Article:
After first venturing into Cambodia 14 years ago, world-leading multinational engineering and electronics company Bosch has established itself as one of the Kingdom’s leading technological and engineering suppliers, particularly in the automotive industry.
Bosch’s country head in Cambodia, Phirum Hay, spoke with The Post’s Cheng Sokhorng to give an overview of the company’s performance in the automotive industry, providing insights into how the private sector can help tackle Cambodia’s problems surrounding road and vehicle safety.
When did Bosch first open its subsidiary in Phnom Penh?
Bosch first ventured into Cambodia in 2004 via our power tools range. This was followed by expanding into the automotive aftermarket sector and security systems a year later.
As we continued to expand our business activities over the years, we reinforced our commitment to the Cambodian market in 2013 by converting into an official entity, enabling us to extend greater sales support to our customers across a diverse portfolio of products and solutions.
Cambodia is one of the fastest-growing economies in the region with an average of seven per cent annual growth over the last 10 years. Our local presence allows Bosch, as a global supplier of technology and services, to support this development by providing quality German products and services to the Cambodian market.
Bosch offers a wide range of services and products, but what industry do you see as offering the best business opportunities in Cambodia?
We see a rising demand for automotive aftermarket solutions [the supply of automotive replacement parts] for the consumer market as well as heavy machinery and trucks – which we call the “off-highway” market.
According to the Ministry of Public Works and Transportation, the number of registered vehicles in Cambodia as of last year was about four million. Cambodia’s automotive landscape is also diversifying in terms of the number of makes and models of vehicles in the country.
Bosch is supporting this trend by continuing to expand its product range. In parallel with the enhanced efforts of the ministry to improve truck safety, we are further broadening our product portfolio by bringing in a wider range of equipment and machinery spare parts.
How do you ensure a quality service, while contending with the challenges faced by the grey market [the sale of Bosch products on the unofficial market]?
We work with our partners in neighbouring countries to ensure our products remain of a certain quality. But we still face some major challenges here despite being a fully registered operation, the most prominent of these being counterfeit or informal Bosch products being imported into the Cambodian market.
We’ve tried to minimise the issue, and we also cooperate with anti-counterfeit police to control it as well, to ensure our customers always receive good quality products and services from us. For instance, all of Bosch’s power tools have a barcode which can certify their authenticity online. When buying from an official supplier, customers also receive a warranty, which they won’t get from the grey market.
What is Bosch’s future commitment to the automotive industry in Cambodia?
Firstly, we believe that there are virtually no cars in Cambodia without Bosch component parts within that vehicle. Bosch aims to ensure high-quality products featuring the latest technology are offered to meet the demands of the local car market.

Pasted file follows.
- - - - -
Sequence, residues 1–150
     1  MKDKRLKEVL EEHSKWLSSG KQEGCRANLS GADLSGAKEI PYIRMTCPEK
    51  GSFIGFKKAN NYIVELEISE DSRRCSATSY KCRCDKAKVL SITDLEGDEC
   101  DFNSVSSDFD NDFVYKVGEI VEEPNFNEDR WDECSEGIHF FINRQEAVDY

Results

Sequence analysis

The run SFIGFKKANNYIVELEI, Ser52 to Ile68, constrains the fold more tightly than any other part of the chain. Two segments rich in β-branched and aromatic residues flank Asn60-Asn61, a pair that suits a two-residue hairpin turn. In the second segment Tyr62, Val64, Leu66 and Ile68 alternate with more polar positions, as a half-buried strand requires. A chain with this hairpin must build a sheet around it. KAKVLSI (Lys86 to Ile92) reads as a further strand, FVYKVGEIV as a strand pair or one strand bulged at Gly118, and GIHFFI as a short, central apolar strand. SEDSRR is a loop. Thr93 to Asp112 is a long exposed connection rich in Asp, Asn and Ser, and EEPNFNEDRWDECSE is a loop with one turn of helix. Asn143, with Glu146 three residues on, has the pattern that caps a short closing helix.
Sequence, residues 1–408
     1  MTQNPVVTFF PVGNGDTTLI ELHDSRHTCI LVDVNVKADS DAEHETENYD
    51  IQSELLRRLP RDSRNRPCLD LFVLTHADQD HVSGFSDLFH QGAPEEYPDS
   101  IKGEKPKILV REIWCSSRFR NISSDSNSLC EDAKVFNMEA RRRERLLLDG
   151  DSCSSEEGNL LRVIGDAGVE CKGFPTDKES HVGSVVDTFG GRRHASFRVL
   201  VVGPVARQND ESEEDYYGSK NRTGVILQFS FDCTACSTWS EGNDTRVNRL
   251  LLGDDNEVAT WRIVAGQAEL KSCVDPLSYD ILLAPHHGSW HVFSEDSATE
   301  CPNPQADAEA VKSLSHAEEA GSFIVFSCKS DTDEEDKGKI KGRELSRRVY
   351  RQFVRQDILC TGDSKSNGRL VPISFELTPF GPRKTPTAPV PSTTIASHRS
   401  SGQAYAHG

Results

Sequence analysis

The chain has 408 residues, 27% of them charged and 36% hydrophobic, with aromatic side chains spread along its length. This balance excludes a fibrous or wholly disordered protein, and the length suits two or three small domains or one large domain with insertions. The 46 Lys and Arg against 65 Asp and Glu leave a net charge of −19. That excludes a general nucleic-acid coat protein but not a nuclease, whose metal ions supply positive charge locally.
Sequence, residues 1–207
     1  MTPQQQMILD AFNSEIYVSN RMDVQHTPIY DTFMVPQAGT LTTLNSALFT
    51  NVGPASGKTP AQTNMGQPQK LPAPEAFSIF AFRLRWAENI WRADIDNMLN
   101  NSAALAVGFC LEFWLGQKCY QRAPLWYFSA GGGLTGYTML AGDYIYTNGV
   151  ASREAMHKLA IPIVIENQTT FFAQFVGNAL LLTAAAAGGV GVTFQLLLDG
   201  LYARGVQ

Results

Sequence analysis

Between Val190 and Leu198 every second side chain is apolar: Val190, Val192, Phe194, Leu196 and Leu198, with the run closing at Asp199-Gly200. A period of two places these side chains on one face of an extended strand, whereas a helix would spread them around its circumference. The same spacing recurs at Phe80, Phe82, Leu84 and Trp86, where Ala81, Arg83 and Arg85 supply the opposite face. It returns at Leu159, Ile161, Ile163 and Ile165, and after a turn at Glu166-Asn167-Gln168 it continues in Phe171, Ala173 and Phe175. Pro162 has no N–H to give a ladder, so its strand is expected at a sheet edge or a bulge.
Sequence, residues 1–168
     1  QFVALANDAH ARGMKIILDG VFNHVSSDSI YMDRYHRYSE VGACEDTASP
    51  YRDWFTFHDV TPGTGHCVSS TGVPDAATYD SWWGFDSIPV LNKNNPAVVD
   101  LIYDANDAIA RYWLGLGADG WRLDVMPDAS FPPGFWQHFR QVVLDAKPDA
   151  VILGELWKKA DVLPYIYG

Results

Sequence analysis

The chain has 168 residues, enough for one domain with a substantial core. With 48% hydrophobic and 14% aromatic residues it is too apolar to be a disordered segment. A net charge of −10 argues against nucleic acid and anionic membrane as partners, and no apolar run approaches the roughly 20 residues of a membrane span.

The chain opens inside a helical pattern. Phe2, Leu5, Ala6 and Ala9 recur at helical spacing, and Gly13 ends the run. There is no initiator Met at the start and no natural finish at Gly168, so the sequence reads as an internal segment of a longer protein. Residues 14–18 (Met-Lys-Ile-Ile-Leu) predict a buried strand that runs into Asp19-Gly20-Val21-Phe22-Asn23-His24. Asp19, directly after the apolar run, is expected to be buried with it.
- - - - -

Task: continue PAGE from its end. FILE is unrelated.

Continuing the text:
As one of the main global players in the automotive market, Bosch is also helping behind the scenes in the areas of road and vehicle safety.
According to a recently-released report from the World Health Organisation, global road traffic deaths have increased to 1.35 million annually. That’s around 3,700 people dying on the roads every day. In Cambodia, 1,736 people have died in traffic accidents so far this year.
We are also continuing to significantly invest in research and development to invent life-saving vehicle technologies such as Anti-lock Braking Systems (ABS) and Electronic Stability Programmes (ESP). ABS and ESP have saved thousands of lives around the world.
Since 2014, they have been compulsory in newly registered vehicles in Europe, while in Asean, Malaysia was the first to make ESPs mandatory in new vehicles in June 2018.
How do you explain Cambodia’s strikingly high road-related death rate? How are you working to improve this?
Around 90 per cent of accidents can be attributed to human error – for example, where risks are not detected or situations are not judged correctly, and the driver reacts too slowly or incorrectly.
Using knowledge gained from various accident research studies, Bosch has been investing in inventing technology that assists drivers to avoid possible risks.
But ultimately Bosch believes that only through collective action will we see change. Bosch is a leading voice calling for more active discussion and collaboration between governments, the scientific community, NGOs, the automotive industry and the public to properly utilise the advanced technology at our disposal today to make roads safer for everyone.
We all hold a shared responsibility in ensuring an accident-free Cambodia and Bosch strongly supports this vision.
As you mentioned, Malaysia is the first Asean country to legislate the mandatory inclusion of safety technology like ESP in all new vehicles. Do you think the Cambodian government should follow their example?
We believe that safer vehicles equate to safer roads. Vehicles equipped with safety technologies such as ESP will help make roads safer.
We continue to monitor the situation and hope that more companies will participate in this education and advocacy effort.
We look forward to more legislation on road safety in Cambodia and will provide support in any way we can to help make driving and riding in Cambodia safer.
This interview has been edited for length and clarity.